Source: Connect by Kids
“Studies show that children that are involved in activities and have less time on their hands tend to stay away from drugs easier than kids than kids that have nothing to do after school.”
– David Karol Gore, Phd., Psychologist
17-year old Mururi began using drugs at an early age.
“I mean it started off only on weekends when I was twelve but by thirteen, I was like, ‘I need to get high man. This is boring.’”
Boredom. Researchers at Davidson College studied the affects of cocaine and exercise on rats. They found that when rats get more exercise, they want less cocaine than those who don’t exercise at all.
Experts say, in humans, exercise has the same effect on the reward systems of the brain as do drugs.
Still, as family psychologist, David Karol Gore explains, the way exercise prevents some kids from using drugs may be as simple as this: “Studies show that children that are involved in activities and have less time on their hands tend to stay away from drugs easier than kids than kids that have nothing to do after school.”
“Look real carefully at what their teenagers are doing. They need to see how involved they are in activities and if they are not what are they doing with their time.”
Tips for Parents
A study from Columbia University shows that youth who are bored and who have access to extra cash are more likely to abuse drugs. For their study, researchers with the National Center on Addiction and Substance Abuse surveyed 1,987 children aged 12 to 17 and 504 parents, 403 of whom were parents of the surveyed children. They found that kids who are frequently bored are 50% more likely to smoke, drink and use illegal drugs. And those who had $25 or more a week in spending money were nearly twice as likely to succumb to substance abuse. Consider these additional statistics about teens and drug abuse cited by the National Institute on Drug Abuse:
- In 2007, the percentage of 8th graders reporting lifetime use of any illicit drug declined was 19%.
- In 2007, 15.4% of 12th graders reported using a prescription drug non-medically within the past year. Vicodin continues to be abused at unacceptably high levels.
- Between 2005 and 2007, past year abuse of MDMA (ecstasy) increased among 12th graders from 3.0% to 4.5%; and between 2004 and 2007, past year abuse of MDMA increased among 10th graders from 2.4% to 3.5%.
It is important that family members feel as though they can talk to each other about tough issues, such as drug use. Part of this early, open communication includes being a good listener. As a parent, consider adopting these listening techniques provided by the American Council for Drug Education (ACDE):
- Give your child an opportunity to talk. Stop talking and give your child sufficient time to complete his or her thoughts and process what has been said.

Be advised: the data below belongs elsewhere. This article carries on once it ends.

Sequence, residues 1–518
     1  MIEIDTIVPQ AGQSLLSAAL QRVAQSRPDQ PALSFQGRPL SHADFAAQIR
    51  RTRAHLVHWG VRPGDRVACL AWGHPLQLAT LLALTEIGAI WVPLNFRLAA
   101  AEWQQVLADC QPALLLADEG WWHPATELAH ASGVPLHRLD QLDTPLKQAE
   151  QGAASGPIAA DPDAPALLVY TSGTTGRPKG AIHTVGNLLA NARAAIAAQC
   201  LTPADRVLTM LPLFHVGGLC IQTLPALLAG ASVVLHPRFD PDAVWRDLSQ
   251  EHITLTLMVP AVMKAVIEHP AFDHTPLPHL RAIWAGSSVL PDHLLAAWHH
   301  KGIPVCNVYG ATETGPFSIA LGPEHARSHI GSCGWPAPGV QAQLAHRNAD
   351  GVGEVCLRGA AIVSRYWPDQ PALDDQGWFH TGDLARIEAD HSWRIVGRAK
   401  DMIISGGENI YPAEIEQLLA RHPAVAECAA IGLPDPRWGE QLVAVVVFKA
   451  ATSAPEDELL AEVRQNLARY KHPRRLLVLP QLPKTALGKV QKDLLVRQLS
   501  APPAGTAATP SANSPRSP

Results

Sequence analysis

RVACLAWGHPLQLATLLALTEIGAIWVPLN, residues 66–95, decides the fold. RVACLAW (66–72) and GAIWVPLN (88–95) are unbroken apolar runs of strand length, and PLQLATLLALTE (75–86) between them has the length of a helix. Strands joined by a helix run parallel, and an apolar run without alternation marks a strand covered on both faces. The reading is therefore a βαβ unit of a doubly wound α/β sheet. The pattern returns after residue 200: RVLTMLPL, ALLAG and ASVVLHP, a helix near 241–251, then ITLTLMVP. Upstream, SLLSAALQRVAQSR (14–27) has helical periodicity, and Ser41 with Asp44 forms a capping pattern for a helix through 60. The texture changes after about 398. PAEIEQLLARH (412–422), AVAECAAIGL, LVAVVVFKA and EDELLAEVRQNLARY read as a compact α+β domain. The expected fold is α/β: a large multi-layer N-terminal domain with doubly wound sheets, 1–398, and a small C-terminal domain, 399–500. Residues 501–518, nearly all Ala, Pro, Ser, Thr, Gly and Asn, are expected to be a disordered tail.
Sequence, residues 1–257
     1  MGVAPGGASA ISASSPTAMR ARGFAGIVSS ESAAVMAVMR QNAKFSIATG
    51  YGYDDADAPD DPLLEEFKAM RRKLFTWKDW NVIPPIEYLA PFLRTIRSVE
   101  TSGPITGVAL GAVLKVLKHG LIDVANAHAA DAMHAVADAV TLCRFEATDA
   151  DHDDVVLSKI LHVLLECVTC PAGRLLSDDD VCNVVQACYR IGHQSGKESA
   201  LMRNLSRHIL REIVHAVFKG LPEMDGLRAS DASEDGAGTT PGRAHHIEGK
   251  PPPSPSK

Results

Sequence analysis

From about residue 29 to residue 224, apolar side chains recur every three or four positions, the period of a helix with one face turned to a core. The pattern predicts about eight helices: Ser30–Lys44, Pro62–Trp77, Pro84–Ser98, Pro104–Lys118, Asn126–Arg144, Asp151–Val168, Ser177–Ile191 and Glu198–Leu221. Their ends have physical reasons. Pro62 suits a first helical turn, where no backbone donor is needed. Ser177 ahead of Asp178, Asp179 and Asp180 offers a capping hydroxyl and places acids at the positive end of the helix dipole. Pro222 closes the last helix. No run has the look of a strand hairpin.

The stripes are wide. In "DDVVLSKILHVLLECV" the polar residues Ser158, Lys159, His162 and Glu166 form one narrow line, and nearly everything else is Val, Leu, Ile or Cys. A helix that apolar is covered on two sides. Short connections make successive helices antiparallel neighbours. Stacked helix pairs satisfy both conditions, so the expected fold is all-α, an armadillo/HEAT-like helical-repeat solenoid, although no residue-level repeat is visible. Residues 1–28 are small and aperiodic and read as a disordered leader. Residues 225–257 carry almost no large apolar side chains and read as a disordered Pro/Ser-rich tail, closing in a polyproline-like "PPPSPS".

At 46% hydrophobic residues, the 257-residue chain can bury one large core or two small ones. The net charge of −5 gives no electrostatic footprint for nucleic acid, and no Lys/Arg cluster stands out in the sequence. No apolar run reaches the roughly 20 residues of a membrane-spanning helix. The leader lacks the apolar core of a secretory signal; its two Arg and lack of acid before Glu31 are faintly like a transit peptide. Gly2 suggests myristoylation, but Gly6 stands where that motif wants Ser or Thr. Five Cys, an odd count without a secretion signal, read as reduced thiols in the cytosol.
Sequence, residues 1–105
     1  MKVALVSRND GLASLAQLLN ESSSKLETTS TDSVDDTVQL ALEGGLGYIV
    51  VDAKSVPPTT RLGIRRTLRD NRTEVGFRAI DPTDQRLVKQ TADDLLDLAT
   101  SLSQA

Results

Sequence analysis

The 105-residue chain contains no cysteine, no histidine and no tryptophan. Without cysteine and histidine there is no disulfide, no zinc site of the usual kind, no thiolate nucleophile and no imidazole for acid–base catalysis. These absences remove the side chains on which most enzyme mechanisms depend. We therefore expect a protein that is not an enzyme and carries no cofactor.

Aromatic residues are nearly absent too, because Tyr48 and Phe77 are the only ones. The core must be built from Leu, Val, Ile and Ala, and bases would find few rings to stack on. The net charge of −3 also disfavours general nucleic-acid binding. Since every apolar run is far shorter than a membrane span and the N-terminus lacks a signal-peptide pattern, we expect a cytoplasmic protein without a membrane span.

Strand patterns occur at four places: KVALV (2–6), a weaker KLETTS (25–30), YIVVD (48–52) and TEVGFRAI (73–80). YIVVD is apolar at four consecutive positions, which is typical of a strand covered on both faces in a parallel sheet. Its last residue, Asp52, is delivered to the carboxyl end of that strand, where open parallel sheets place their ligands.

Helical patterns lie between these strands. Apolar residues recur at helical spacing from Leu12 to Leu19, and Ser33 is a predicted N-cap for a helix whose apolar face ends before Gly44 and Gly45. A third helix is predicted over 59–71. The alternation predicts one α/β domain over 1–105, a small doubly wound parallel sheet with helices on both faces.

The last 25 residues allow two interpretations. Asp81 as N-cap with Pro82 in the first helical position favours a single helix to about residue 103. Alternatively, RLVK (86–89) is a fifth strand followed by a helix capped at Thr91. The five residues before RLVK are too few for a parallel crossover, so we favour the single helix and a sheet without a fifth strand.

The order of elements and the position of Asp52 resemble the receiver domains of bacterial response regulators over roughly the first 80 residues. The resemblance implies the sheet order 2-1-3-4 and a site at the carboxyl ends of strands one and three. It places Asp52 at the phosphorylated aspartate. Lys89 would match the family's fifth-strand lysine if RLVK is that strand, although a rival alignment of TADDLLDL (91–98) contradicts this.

- Demonstrate interest by asking appropriate questions. Questions can help you clarify your child’s thoughts and suggestions. Be sure that you are interpreting what has been said correctly.
- Listen to the complete message. Listen to the total message before forming a response.
- Encourage your child to talk. Use door-opening statements (”You seem distracted today” or “Tell me what is going on”) that invite a response.
- Focus on content, not delivery. Avoid being distracted by your child’s poor grammar or manners. It is what is being said that is important.
- Listen for main ideas. Try to pick out the central theme of the conversation.
- Deal effectively with emotionally charged language. Be aware of words or phrases that produce anxiety and trigger emotions.
- Identify areas of common experience and agreement. Note similar experiences of your own or offer a shared point of view to communicate acceptance and understanding.
- Deal effectively with whatever blocks you from listening. Be aware of personal blocks that may prevent you from hearing what your child is saying.
Substance abuse can be an overwhelming issue with which to deal, but it doesn’t have to be. The Partnership for a Drug-Free America offers the following strategies to put into practice so that your child can reap the rewards of a healthy, drug-free life:
- Be your child’s greatest fan. Compliment him or her on all of his or her efforts, strength of character and individuality.
- Involve your child in adult-supervised after-school activities. Ask him or her what types of activities he or she is interested in and contact the school principal or guidance counselor to find out what activities are available. Sometimes it takes a bit of experimenting to find out which activities your child is best suited for, but it’s worth the effort – feeling competent makes children much less likely to use drugs.
- Help your child develop tools he can use to get out of alcohol- or drug-related situations. Let him or her know he or she can use you as an excuse: “My mom would kill me if I smoked marijuana!”
- Get to know your child’s friends and their parents. Set appointments for yourself to call them and check-in to make sure they share your views on alcohol, tobacco and other drugs. Steer your child away from any friends who use drugs.
- Call teens’ parents if their home is to be used for a party. Make sure that the party will be alcohol-free and supervised by adults.
- Set curfews and enforce them. Let your child know the consequences of breaking curfew.
- Set a no-use rule for alcohol, tobacco and other drugs.
- Sit down for dinner with your child at least once a week. Use the time to talk – don’t eat in front of the television.
- Get – and stay – involved in your child’s life.
- American Council for Drug Education
- Davidson College
- National Center on Addiction and Substance Abuse
- National Institute on Drug Abuse
- Partnership for a Drug-Free America